4. The Mowerdude

    The Mowerdude Junior Member
    Messages: 22

    Ok, I'm back and I've found the problem. Here it is.

    One of the magnets in the motor didn't stay glued in place. I think it's safe to say that the Buyers Company has gotten the last penny they'll ever get from me.

    And yes, now it's snowing again and it looks like Crazygator and I are going to be using our push spreaders tonight. No, I'm not a happy camper. :mad:

  5. wyldman

    wyldman Member
    Messages: 3,265

    That was easy.Hopefully buyers will come good on the motor,if the unit is still under warranty.If not,you can always just epoxy it back on.
  6. CPSS

    CPSS Senior Member
    Messages: 334

    Looks just like the Meyers Mini-Spreader that we had on one of our trucks for two years. Bigest piece of junk we ever bought. Went thru three motors, broke the wires off many times backing into snow banks. Always jammed up. Paid $1800 installed from a local truck equipment company. Sold it two years later for $100. Don't think we recouped our investment, do you?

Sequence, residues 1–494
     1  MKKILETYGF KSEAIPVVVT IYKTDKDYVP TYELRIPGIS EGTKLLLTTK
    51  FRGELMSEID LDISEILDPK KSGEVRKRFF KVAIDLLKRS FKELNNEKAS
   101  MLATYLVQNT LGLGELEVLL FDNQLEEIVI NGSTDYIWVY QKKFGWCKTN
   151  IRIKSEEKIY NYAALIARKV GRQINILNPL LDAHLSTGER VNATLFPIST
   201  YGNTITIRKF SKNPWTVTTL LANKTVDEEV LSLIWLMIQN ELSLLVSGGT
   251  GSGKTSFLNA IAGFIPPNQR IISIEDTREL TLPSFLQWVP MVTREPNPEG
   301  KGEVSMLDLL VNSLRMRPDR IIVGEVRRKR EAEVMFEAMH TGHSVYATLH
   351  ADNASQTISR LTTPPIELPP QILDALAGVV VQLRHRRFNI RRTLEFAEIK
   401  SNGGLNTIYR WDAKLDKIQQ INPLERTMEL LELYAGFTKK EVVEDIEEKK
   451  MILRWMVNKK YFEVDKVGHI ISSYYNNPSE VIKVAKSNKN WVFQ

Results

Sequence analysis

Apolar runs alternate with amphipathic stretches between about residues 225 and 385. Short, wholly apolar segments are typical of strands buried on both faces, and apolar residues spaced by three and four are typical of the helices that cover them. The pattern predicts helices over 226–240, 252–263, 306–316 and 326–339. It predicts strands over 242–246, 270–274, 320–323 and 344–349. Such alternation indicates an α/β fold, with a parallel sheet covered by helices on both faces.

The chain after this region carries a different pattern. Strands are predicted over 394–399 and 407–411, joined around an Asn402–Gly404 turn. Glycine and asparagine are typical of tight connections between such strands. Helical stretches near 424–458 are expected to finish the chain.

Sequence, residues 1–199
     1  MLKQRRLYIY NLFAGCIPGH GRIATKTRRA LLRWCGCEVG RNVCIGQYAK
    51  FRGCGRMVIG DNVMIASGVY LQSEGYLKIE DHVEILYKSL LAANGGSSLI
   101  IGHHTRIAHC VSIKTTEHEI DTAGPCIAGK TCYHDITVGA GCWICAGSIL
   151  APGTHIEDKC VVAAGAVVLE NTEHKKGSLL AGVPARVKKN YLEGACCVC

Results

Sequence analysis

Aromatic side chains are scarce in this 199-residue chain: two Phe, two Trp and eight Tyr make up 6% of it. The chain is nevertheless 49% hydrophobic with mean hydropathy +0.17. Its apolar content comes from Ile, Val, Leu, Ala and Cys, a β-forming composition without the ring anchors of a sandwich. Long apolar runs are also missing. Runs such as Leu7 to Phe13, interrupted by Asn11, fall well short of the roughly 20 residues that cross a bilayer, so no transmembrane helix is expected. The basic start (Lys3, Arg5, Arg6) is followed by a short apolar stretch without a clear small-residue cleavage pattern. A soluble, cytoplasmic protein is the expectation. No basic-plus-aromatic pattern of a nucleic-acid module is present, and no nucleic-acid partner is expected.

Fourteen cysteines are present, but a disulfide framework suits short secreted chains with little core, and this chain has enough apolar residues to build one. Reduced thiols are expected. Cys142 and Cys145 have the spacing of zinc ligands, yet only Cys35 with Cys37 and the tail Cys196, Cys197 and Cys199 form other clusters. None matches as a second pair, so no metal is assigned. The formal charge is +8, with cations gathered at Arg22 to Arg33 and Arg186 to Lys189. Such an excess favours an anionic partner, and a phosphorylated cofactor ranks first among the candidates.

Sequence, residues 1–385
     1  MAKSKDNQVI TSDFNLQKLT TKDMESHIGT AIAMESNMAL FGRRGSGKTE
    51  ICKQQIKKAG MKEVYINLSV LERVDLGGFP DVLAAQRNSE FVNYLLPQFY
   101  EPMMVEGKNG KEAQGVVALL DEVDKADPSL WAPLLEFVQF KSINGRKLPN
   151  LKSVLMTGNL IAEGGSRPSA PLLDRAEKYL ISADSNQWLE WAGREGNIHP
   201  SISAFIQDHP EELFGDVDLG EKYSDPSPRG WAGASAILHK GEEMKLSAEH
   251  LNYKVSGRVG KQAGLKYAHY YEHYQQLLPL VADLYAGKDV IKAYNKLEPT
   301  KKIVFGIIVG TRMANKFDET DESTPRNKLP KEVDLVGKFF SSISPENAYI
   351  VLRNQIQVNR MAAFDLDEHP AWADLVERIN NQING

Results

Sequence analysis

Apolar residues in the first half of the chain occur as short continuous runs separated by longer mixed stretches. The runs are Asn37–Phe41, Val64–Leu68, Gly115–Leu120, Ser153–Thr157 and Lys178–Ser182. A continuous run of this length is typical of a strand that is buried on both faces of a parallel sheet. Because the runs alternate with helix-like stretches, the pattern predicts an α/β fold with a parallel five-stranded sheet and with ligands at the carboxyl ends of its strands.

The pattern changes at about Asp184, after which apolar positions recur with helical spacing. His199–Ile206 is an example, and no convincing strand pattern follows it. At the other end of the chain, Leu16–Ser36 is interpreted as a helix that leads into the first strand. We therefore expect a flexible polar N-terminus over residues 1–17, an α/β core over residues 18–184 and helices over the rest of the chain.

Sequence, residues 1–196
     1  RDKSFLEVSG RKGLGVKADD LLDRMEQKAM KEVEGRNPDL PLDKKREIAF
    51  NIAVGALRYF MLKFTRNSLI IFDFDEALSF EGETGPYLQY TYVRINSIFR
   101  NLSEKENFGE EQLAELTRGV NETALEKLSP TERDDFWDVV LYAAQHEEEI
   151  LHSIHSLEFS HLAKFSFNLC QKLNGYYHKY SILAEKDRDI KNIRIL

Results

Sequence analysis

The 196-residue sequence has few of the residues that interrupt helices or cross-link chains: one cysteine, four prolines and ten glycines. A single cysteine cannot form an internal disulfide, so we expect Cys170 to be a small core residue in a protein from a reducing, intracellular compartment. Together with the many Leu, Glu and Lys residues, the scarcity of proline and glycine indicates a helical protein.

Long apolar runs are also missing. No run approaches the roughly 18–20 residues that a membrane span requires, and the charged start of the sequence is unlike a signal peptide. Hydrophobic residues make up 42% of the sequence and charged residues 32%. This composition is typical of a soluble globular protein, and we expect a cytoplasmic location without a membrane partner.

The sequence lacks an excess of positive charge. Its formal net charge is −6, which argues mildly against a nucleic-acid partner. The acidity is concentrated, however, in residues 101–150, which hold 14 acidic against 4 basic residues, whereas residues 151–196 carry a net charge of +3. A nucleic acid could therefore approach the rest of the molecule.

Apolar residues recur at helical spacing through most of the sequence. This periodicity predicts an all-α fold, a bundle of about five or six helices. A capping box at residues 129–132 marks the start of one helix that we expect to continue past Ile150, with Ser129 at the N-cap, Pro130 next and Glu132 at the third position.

7. ksimpson

    ksimpson Junior Member
    Messages: 9

    Sorry to hear about your problems M.Dude and CP. Bought a new mini spreader this fall and have had absolutely no problems. We have went through 28 tons and it has been a wonder. Only thing I had to do was reconfigure a different support bracket. The arms that went over the tailgate was putting a lot of strain on the vertical brackets (Bending). I know that the new spreaders this year have a new resey switch on them, and they also give a 1 second blast when first switched on. I have run through some serious chuncks and the auger chewed everything. Just wanted to say "HI GUYS". I have been a member since last fall, just haven't responded to anything. It is a great site!! We are getting some good lake effect today 9-15". So things are busy!! Stay warm---Keith